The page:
Document Detail


Existing and training induced differences in aerobic fitness: their relationship to physiological response patterns during different types of stress.
MedLine Citation:
PMID:  2236448     Owner:  NLM     Status:  MEDLINE    
Abstract/OtherAbstract:
Aerobic fitness has been associated with various desirable psychological and physiological characteristics. Recently, attenuation of physiological reactivity during stressful situations was added to this list, although comparison of the stress responses of sportsmen and sedentary subjects has yielded equivocal results. The present study examined cardiovascular patterns rather than single variables, and tried to clarify these matters. Tasks were used that were known to increase blood pressure through different combinations of changes in cardiac output and vascular resistance. Autonomic nervous system dynamics underlying these response patterns were studied using preejection period as an index of beta-adrenergic activity, and respiratory sinus arrhythmia as an index of vagal activity. Pre-existing differences in aerobic fitness in a sample of sedentary subjects were related to their responses during the stressful tasks and the recovery periods afterwards. This approach prevented confounding of the relationship between fitness and stress-reactivity with the psychological effects of regular exercise. Furthermore, it excluded the bias in psychological makeup that is introduced when subjects spontaneously engaged in sports are compared to non-exercising persons. To rule out a third (hereditary?) factor underlying both stress-reactivity and fitness, physiological responses before and after a seven-week training program were compared to those of subjects in a waiting list control group. Substantial individual differences in aerobic fitness were found in spite of the fact that all subjects reported low levels of habitual activity. During two active coping tasks, diastolic blood pressure reactivity and vagal withdrawal were negatively related to these pre-existing differences in fitness. No such relation was seen during a cold pressor test or during recovery from the tasks. Neither beta-adrenergic cardiac reactivity nor heart rate responses were related to fitness, but the absolute heart rate during the tasks was lower in the more fit subjects. Seven weeks of training were not effective in changing either reactivity or recovery of any of the variables. The discrepancy between cross-sectional and longitudinal results in the present study suggests that training of longer duration is necessary to induce the psychological or physiological changes underlying reduced reactivity. The latter may include changes in cardiac vagal/sympathetic balance or in adrenoceptor sensitivity. Alternatively, both psychological and physiological determinants of stress-reactivity may be related to aerobic fitness at a dispositional level.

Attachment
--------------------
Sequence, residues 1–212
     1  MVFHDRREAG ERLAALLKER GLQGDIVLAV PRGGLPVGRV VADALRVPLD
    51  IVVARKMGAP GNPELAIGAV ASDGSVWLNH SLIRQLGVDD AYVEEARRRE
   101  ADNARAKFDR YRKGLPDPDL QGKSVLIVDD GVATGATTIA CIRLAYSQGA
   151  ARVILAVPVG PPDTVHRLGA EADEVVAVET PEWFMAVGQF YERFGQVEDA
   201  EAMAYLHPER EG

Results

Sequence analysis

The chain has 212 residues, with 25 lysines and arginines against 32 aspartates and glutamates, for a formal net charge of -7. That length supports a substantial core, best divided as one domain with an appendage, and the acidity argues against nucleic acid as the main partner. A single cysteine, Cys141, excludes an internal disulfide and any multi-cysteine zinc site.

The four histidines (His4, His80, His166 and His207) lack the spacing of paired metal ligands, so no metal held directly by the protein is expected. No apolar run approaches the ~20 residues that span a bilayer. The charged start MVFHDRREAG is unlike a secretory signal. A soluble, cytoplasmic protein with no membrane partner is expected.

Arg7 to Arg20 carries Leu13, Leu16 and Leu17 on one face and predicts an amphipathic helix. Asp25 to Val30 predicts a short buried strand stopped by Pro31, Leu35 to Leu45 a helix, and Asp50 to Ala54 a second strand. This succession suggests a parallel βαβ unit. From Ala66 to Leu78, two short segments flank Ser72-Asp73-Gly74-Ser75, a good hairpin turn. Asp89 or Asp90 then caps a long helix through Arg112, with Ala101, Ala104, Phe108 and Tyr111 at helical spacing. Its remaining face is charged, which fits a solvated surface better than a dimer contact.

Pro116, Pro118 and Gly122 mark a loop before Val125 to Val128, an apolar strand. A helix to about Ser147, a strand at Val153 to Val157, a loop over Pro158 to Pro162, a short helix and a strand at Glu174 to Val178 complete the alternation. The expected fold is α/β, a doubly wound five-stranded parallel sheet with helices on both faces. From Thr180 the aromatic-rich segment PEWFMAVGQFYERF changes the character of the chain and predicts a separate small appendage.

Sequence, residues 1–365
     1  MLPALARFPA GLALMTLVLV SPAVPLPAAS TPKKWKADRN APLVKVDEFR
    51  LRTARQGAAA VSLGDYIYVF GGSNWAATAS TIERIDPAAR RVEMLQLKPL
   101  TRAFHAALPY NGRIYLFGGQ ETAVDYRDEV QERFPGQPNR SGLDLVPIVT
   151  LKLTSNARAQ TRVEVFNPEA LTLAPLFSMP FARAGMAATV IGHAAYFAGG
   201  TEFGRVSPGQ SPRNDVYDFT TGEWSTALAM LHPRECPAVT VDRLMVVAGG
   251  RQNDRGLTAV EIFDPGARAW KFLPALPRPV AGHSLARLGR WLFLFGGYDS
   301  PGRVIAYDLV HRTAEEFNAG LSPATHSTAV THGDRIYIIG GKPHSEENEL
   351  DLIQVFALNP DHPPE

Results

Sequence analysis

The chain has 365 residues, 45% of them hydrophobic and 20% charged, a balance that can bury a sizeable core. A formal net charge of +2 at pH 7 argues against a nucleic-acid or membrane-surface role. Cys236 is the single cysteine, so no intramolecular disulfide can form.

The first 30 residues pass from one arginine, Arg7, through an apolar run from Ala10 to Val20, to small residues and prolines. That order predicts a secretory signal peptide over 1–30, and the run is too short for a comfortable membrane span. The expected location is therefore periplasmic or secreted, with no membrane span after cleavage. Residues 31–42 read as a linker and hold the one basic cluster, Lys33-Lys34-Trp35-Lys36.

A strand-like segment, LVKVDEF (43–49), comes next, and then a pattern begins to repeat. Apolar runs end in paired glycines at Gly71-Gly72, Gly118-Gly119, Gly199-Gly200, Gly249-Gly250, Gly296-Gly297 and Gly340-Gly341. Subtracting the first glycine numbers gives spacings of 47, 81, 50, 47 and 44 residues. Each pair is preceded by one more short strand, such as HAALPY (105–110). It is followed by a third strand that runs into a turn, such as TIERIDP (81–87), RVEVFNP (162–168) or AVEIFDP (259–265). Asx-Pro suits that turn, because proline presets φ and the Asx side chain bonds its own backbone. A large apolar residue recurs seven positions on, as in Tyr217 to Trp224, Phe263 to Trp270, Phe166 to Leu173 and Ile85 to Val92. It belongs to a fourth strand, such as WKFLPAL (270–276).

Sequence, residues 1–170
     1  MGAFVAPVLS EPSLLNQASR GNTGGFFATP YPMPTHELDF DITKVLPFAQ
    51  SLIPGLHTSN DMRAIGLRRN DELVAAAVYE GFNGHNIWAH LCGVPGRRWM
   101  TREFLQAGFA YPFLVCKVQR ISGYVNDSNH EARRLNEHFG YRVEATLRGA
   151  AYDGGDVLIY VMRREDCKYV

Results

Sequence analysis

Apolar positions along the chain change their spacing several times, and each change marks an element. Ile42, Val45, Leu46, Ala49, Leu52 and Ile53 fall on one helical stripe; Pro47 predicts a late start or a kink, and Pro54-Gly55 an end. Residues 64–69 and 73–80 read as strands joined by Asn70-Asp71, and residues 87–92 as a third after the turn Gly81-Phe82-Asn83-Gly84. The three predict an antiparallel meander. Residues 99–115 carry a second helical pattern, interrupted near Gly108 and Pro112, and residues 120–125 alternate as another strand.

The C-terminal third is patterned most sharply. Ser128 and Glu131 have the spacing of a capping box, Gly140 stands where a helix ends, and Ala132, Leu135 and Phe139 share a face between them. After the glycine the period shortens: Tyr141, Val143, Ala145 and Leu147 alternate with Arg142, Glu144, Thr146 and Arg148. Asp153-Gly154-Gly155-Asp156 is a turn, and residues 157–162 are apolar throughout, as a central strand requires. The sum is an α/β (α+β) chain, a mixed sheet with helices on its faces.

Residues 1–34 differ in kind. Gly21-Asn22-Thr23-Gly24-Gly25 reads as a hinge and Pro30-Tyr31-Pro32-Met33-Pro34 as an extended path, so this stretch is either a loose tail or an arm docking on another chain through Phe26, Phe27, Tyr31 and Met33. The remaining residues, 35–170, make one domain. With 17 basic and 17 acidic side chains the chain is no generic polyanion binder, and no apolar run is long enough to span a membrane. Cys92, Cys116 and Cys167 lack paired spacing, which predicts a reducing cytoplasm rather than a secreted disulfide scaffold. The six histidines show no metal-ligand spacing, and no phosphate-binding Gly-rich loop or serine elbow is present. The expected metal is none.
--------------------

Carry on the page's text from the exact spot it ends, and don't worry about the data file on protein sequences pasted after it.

Authors:
E J de Geus; L J van Doornen; D C de Visser; J F Orlebeke
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Publication Detail:
Type:  Journal Article    
Journal Detail:
Title:  Psychophysiology     Volume:  27     ISSN:  0048-5772     ISO Abbreviation:  Psychophysiology     Publication Date:  1990 Jul 
Date Detail:
Created Date:  1990-12-05     Completed Date:  1990-12-05     Revised Date:  2009-11-11    
Medline Journal Info:
Nlm Unique ID:  0142657     Medline TA:  Psychophysiology     Country:  UNITED STATES    
Other Details:
Languages:  eng     Pagination:  457-78     Citation Subset:  IM    
Affiliation:
Vrije Universiteit, Department of Psychology, Amsterdam, The Netherlands.
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MeSH Terms
Descriptor/Qualifier:
Adolescent
Adult
Arousal / physiology*
Cross-Sectional Studies
Hemodynamics / physiology
Humans
Longitudinal Studies
Male
Oxygen / blood
Parasympathetic Nervous System / physiology
Physical Endurance / physiology
Physical Fitness / physiology*
Psychophysiology
Sympathetic Nervous System / physiology
Chemical
Reg. No./Substance:
7782-44-7/Oxygen

From MEDLINE®/PubMed®, a database of the U.S. National Library of Medicine


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